I have one of those minds that never shuts down even when there’s nothing to think about. That’s why I can’t get to sleep and, when I do, why I have all those crazy dreams I wrote about in a previous post. Sleep deprivation aside, a whirling mind makes it difficult to focus on writing.
Which brings me to the value of engaging in mindless tasks. My morning run is a perfect example. My legs, lungs, and heart are working hard, but my brain is on cruise control. I run basically the same course every day, often in the dark, which limits my sensory input. After a few minutes, the rhythm, quiet, and darkness shut off my conscious mind and let my subconscious take over. That’s when my best creative thinking happens.
You don’t have to be a runner to benefit from mindless tasks—any boring, repetitive activity will do. One of my spring projects is to cover the berm beside our driveway with river rock. So far I’ve hauled in and spread three and a half tons of rock, and I have at least two more tons to go. Scooping and tossing rocks provides hours of mindlessness—and days of sore muscles afterward.
Our acreage provides plenty of mindless tasks to give my subconscious a chance to shine. Lawn mowing is one of the best. I pop in my earplugs, rev up the engine, and drive off. An added bonus of mowing is the vibration, which relaxes me even more. There are problems with being too relaxed, though, like running into low hanging tree limbs, woodchuck holes, and bushes I planted just a little too close together. It would also help if I remembered to take my foot off the gas to stop instead of trying to pump the nonexistent brake pedal.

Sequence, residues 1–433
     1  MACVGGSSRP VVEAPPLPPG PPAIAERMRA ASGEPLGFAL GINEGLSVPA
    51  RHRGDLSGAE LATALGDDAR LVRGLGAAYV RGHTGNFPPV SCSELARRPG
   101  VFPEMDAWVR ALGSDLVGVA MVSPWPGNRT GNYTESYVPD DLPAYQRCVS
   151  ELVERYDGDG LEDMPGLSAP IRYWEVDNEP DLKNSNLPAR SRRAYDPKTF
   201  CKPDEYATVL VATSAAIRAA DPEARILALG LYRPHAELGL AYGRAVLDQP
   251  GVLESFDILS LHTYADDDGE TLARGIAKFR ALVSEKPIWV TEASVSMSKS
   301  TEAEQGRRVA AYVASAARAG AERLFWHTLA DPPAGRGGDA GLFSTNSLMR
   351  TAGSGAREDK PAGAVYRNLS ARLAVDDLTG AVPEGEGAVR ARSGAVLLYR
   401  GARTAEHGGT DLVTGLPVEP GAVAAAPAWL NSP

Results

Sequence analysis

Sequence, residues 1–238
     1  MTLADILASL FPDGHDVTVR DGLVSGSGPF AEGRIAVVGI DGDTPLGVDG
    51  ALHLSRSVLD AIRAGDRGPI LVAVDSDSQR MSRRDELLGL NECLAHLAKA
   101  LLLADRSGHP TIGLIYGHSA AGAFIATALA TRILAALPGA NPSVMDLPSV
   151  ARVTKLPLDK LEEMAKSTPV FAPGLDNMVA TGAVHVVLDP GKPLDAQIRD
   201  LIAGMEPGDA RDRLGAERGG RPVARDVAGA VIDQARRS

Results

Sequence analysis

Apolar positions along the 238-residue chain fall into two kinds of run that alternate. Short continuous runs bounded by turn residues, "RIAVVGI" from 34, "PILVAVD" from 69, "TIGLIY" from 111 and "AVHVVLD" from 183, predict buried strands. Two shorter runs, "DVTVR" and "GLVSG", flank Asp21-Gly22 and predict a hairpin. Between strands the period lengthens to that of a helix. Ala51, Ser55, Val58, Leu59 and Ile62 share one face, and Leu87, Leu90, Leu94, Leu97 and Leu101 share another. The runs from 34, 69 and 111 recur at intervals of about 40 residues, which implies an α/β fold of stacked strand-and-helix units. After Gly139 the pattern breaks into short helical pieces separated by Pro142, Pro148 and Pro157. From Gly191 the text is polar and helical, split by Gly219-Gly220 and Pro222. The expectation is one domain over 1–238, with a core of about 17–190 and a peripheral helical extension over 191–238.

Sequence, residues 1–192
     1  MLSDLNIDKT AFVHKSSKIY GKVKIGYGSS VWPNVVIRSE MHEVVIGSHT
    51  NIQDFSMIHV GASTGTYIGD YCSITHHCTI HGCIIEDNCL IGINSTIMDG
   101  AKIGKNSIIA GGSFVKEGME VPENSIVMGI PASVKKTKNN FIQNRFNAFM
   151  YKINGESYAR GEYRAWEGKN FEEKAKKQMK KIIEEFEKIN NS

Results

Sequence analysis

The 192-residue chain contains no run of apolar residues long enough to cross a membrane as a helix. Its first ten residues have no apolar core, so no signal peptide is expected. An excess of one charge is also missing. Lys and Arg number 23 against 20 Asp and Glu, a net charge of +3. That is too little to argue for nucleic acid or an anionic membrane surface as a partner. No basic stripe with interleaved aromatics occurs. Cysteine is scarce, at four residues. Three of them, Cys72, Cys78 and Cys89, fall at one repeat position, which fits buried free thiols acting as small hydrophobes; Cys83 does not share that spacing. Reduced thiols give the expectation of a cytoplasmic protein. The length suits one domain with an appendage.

When I get tired of mowing and scooping rock, I pull weeds and plant flowers. And there’s the chore I always put off until last—mucking out the guinea cage. If I wait long enough sometimes Mike gives in and takes over that nasty job.
Whatever mindless task is occupying my mind, I keep my miniature recorder nearby to capture any creative gems before they slip away.
So, do you use mindless tasks to spark your creativity? If not, I’ll be happy to point you to my asparagus bed. By the time you clear out the weeds you’ll have enough material for a thousand-page novel.